UK: What Are The Implications Of The Summer Budget For NHS And Social Care?

Last Updated: 14 July 2015
Article by Karen Taylor

Most Read Contributor in UK, August 2017

On July 8th 2015 the Chancellor of the Exchequer confirmed his Government's commitment to provide additional funding for the NHS however there was little if any mention of social care funding, suggesting that no new money will be forthcoming for social care unless it's found from the healthcare budget. If you then factor in the budget announcement of at least four more years of pay restraint for NHS staff, which will inevitably affect recruitment and retention and likely increase the need for more expensive temporary staff, the financial challenges facing the NHS remain enormous. This week's blog looks at some of the immediate implications of the 2015 budget in relation to health and social care in 2015-16. 

What this means for the NHS

The Chancellor, in confirming the government's commitment to support the NHS Five Year Forward View, which he referred to as the "Stevens Plan", announced that by 2020 spending on the NHS would increase by £8 billion on top of the £2 billion already promised for 2015-16 (a total increase of £10 billion by 2020-21 on the £114 billion spent in 2014-15). However he also noted that there will be a need for very challenging efficiency and productivity savings to meet the remaining £22 billion funding gap that is expected to arise in 2020 if new ways of working and other improvements are not delivered.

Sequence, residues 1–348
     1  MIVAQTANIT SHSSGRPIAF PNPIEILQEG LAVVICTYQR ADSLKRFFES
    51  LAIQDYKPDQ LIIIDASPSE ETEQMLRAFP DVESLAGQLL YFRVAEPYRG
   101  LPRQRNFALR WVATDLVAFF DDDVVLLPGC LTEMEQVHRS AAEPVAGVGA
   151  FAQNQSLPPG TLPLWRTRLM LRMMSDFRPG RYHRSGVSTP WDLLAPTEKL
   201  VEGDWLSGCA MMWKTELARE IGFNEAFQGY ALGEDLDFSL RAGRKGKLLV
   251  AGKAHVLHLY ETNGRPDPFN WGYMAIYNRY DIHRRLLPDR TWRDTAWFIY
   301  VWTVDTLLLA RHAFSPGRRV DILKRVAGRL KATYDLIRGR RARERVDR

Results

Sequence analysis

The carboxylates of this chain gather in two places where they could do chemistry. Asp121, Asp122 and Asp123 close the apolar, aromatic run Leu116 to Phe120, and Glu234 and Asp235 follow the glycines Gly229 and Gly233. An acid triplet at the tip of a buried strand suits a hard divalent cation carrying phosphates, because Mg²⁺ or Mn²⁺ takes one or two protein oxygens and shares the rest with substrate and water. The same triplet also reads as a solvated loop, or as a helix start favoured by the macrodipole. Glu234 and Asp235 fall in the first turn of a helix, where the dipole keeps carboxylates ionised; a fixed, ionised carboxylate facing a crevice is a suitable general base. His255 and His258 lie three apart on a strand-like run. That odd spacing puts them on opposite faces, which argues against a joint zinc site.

While the additional funding is undoubtedly a welcome commitment, the efficiency improvements needed to bridge the funding gap is the equivalent of year on year efficiency savings of 2-3 per cent. When compared to the past five years where the NHS improved productivity by only 0.8 per cent a year in real terms, this looks incredibly challenging. Moreover, while the NHS coped reasonably well for the first three years of the coalition government, the past two years and, in particular 2014-15, saw NHS providers overspending their budgets by £823 million.

The position in the acute sector, in particular, deteriorated sharply, with two-thirds of acute trusts in deficit at the end of the year; largely as a result of year-on-year reductions in the tariff, the recruitment of significant numbers of new nurses and increasing reliance on expensive agency staff to meet the recommendations of the Francis report. To avoid a departmental budget overspend, significant additional funding was made available in-year, including £640 million from capital budgets and £250 million in additional funding from the Treasury. However, rescues of this nature are unlikely to be available in future years.

Indeed, the Secretary of State for Health has warned the NHS that they will not receive any further funding increases in 2015-16 above the £116 million already committed and that savings are expected to be found from reductions in spending on agency staff, management consultancy and pay of senior managers. Unsurprisingly, the King's Fund has suggested that 2015-16 is likely to be the "most challenging" year in the recent history of the health service. For example, two-thirds of trusts are forecasting a deficit in 2015-16, a figure that rises to almost 90 per cent among acute trusts.1